Optimising Drug Discovery R&D with Graphs

by Dr. Alexander Jarasch    Contributor        Biopharma insight

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Topics: Emerging Technologies   
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Data in Life Sciences expert Dr Alexander Jarasch on a new wave of advanced data handling techniques that point the way to new drug discovery breakthroughs

Notoriously, drug discovery is a difficult and complex area. 90% of clinical drug development fails and only 6% of all the drugs that go to clinical trial make it onto the market.

But could a new approach to assessing more promising pathways help make drug discovery a more tractable problem? The new approach uses the data modelling technique of graphs, as instantiated in a knowledge graph.

Knowledge graphs deliver value by working on the basis that every dataset is a connected element. Unlike traditional SQL databases, which store data in tables with fixed columns and rows, knowledge graphs store data as nodes (or entities) connected by edges (or relationships). It is in the power of those interconnections that the breakthrough insights lie. For example, in the Panama Papers journalism expose, utilising knowledge graphs made it possible to capture what was otherwise an impenetrably obscure network of offshore accounts, shell companies, and individuals hiding money.


The more interrelationships can be analysed, the richer the knowledge

Knowledge graphs are designed to represent complex data and can be used in a wide range of applications beyond financial investigations. For pharma, they can be used to represent the complex interrelationships and correlations between information about diseases, genes, the environment, diet, behaviour, and other factors.

In particular, graph databases have made it possible to perform very high-scale cross-comparisons involving billions of connections. These can help researchers identify patterns and connections that might not be immediately obviousand which has the potential to transform fields such as testing new candidates for drugs.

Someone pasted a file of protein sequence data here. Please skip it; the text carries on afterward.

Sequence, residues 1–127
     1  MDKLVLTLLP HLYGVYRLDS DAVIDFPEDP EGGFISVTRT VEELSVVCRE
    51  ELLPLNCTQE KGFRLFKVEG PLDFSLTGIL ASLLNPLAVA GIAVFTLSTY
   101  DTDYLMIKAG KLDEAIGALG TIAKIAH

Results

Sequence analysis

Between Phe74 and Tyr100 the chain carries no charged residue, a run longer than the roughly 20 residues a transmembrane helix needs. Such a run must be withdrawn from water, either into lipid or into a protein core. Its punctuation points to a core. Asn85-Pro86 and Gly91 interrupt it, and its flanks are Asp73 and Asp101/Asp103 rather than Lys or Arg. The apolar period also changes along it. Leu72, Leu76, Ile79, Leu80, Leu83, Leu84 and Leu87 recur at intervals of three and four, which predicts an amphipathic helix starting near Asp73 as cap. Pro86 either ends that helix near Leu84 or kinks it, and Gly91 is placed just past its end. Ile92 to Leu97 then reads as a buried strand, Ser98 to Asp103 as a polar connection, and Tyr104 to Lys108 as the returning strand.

From 1% success rates to more like 15%

Let’s consider Servier's use case. Servier is a French-headquartered international pharmaceutical company specializing in oncology, neuroscience, immuno-inflammation, cardiometabolic and venous diseases, and generics. It is a multi-billion dollar company dedicated to being an agile, digital performer.

The company’s dedicated R&D function, the Institut de Recherches Servier, has long experience researching tricky small molecules. This pursuit is inherently difficult, as the vast majority of drug candidates are composed of relatively 'small' molecules, making it highly challenging to discern which ones warrant further exploration or not.

Small molecules, defined in chemistry as compounds with a molecular mass under 1,000 atomic mass units and smaller than proteins and nucleic acids, exert their effects by binding to and altering the functions of proteins and nucleic acids.

Given the diminutive size and comparable structural characteristics of the small molecule, discriminating between promising and futile search paths can be tricky. Pre-graph technology, the team would only find search candidates at the rate of less than 1%.

But with the new knowledge graph-based approach, Servier has achieved a consistent hit rate of 15% across a focused dataset—1,000 small molecules instead of anunwieldy 1 million. Graphs are a powerful way to capture even the most complex reality as a set of ‘nodes’ or entities that contain information as attributes and sit in a network of connections with their siblings.

The new knowledge graph-based decision support tool, Pegasus, efficiently sifts therapeutic targets to identify the most relevant screening modalities, helping Servier design more appropriate experiments.

This follows the successful creation of a library of small molecules and their relationships based on interactions with the graph database. It’s in this library that Servier identifies good small molecules by ingesting a wide range of heterogeneous information from pre-existing data, including the open-source medical knowledge banks.

As a result, Servier is convinced that knowledge graph technologies have the potential to revolutionise drug discovery and development by better organising complex data and generating knowledge to more accurately support decision-making.

When considering a complex problem space, we need to be efficient at choosing what to explore and what to ignore. This is true for all kinds of data analysis, but this is especially true in drug discovery. Based on the impressive results in starting to optimise the drug discovery process, Servier may have pioneered a truly groundbreaking approach. It may also be one that could be of use to many others.

Topics: Emerging Technologies   

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